A few days after upgrading from vCloud Director 9.1 to 9.5, I encountered a strange issue. If someone was trying to launch a vApp or VM or trying to reconfigure existing VMs or vApps, it wasn’t possible. In the logs I could see the error message “Total available resources could not be determined for reservation” in combination with a long Java stack trace.
With vCloud Director version 9.0, performance metrics of virtual machines can be directly displayed in the new HTML5 Tenant portal for customers. All it takes is a Cassandra database cluster and a few small configurations on the vCloud Director side. Sounds simple, doesn’t it? That’s it, too, if you consider a few pitfalls.
With vCloud Director 9.5 it is possible to display performance metrics for VMs, such as CPU or memory usage, directly in the new Tenant Portal. However, this requires a Cassandra database cluster to store these performance metrics.
There are already guides out there on how to set up a Cassandra database cluster for vCloud Director, but the instructions I found were partly outdated or lacked information or were not suitable for CentOS 7, which I want to use as the base operating system. So I decided to create my own blogpost. And the VMware documentation about installing Cassandra for vCloud Director 9.5 doesn’t give a lot here and serves only as a rough orientation.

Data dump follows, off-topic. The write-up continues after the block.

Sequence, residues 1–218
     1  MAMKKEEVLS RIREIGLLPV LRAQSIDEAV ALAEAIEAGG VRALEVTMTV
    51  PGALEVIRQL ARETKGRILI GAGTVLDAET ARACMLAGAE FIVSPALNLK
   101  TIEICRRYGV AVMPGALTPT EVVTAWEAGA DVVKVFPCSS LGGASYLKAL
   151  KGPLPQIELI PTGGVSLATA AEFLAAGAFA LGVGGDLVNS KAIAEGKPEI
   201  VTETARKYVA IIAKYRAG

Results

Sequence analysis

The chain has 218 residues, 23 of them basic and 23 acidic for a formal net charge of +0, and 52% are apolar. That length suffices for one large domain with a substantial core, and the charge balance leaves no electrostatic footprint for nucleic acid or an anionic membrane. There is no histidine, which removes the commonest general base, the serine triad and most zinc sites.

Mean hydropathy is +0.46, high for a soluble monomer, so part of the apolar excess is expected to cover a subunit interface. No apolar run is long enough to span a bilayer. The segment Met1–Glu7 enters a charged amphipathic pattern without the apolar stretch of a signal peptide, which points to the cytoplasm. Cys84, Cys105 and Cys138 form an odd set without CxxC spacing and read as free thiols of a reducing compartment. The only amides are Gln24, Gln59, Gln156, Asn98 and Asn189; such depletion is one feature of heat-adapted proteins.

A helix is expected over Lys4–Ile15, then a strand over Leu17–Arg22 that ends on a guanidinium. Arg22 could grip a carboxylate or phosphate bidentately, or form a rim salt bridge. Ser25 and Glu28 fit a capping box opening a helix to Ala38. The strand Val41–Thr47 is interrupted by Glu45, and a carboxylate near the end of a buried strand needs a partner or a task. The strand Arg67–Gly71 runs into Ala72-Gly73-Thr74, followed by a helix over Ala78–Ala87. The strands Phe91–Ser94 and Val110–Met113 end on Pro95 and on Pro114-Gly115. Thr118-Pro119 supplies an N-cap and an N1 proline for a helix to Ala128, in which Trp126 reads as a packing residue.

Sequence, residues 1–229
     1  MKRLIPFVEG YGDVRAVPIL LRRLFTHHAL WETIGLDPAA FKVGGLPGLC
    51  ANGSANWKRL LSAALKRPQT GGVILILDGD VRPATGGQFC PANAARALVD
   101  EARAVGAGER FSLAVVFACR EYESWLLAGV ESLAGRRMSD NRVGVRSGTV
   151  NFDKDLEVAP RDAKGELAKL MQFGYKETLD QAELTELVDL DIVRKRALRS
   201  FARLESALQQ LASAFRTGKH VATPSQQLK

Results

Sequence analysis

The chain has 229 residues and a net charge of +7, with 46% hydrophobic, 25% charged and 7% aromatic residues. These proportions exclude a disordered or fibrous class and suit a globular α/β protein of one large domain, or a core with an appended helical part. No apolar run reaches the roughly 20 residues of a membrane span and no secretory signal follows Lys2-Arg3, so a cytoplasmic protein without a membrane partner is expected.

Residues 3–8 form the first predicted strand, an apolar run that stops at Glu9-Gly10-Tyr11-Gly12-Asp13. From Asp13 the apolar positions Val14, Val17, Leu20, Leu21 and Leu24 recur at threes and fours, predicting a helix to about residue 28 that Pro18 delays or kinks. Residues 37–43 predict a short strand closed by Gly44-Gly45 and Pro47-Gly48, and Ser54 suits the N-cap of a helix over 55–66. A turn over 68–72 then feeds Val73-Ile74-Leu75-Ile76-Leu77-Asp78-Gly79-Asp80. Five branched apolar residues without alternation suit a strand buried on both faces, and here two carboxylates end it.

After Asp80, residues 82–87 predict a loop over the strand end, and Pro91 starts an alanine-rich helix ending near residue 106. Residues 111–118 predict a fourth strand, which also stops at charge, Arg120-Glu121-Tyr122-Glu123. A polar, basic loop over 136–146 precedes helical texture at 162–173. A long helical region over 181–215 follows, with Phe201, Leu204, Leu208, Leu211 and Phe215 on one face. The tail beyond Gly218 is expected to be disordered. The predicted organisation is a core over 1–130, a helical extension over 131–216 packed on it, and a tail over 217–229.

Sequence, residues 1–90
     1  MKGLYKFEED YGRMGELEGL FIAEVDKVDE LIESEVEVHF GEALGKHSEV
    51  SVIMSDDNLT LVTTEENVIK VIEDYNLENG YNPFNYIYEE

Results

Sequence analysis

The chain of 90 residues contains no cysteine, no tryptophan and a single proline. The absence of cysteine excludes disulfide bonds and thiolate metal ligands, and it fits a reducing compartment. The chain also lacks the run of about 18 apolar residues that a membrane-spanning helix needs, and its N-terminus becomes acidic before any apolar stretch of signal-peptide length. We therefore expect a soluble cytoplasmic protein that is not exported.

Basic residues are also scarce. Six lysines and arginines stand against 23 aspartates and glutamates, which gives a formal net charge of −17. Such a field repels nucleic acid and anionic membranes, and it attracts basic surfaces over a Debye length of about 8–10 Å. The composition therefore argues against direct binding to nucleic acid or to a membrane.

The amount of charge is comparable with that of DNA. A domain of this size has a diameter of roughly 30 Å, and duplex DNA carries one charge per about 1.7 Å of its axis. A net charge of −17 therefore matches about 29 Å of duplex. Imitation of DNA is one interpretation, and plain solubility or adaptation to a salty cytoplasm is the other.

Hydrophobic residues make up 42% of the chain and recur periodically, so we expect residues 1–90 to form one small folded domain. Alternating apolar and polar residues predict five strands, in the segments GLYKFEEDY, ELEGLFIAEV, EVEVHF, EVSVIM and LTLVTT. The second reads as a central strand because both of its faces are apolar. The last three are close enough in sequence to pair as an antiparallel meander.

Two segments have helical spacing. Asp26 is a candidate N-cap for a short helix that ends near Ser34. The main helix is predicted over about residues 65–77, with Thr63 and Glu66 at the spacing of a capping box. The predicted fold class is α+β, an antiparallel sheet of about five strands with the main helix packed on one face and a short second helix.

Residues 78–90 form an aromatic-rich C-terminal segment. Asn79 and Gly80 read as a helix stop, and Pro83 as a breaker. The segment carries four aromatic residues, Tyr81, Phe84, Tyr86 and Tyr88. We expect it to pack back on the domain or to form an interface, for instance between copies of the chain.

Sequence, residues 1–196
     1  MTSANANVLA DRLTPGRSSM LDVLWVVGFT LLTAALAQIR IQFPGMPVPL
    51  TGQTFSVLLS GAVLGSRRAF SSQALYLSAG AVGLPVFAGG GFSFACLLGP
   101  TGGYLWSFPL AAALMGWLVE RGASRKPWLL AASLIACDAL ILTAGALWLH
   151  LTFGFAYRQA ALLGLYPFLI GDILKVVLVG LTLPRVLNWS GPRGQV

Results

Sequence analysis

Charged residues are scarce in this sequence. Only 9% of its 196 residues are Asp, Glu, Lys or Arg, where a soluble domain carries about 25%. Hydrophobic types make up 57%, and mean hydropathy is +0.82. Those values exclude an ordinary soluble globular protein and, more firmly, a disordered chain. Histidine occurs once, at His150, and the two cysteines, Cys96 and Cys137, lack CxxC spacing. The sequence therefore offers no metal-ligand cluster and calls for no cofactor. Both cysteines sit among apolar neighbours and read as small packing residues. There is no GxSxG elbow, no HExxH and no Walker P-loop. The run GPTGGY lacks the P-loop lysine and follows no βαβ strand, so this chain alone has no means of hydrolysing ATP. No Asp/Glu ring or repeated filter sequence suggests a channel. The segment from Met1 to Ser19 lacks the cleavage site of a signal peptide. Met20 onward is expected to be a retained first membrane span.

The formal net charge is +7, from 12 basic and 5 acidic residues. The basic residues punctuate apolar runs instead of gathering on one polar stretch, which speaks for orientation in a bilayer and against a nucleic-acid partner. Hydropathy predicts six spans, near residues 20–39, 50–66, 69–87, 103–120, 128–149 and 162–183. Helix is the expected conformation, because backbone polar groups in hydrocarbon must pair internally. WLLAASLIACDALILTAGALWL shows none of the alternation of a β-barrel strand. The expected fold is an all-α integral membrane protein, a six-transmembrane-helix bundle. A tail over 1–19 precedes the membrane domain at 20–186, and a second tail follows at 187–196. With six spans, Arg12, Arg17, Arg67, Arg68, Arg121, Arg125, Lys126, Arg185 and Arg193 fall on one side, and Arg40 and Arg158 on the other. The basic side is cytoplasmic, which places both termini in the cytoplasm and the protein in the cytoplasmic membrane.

A vCloud Director setup consists of several components. At least required are vCD cells, a database and an NFS server. Depending on the features, additional components may be necessary, for example the AMQP Broker or a Cassandra database. In order to make this setup completely high available, each of these components must therefore be redundant. So, it’s useful to take a look at some basic HA considerations for the individual components.
With the release of vCloud Director 9.5 it became known that only Postgres will be supported in the future as database backend. MS SQL was flagged as deprecated and Oracle is no longer supported with vCD 9.5 onwards. In addition vCloud Director has also been released as an appliance based on PhotonOS. Therefore, I would like to explain how you can switch to the new appliances and the database backend in a few steps.
Since September 2018, VMware has a special Cloud Verified Logo for partners who meet specific requirements for their cloud infrastructure. As my company was the first in Switzerland to receive this logo, I would like to briefly explain what this designation means and which requirements apply.
VMware recently released the latest version 2.5 of the vCloud Architecture Toolkit for Service Providers (vCAT-SP). But I know that many service and cloud providers around the globe don’t know what that is and that something like that even exists.
I will therefore try to give a brief overview and introduction to this topic and hopefully show how powerful this toolkit can be for your business.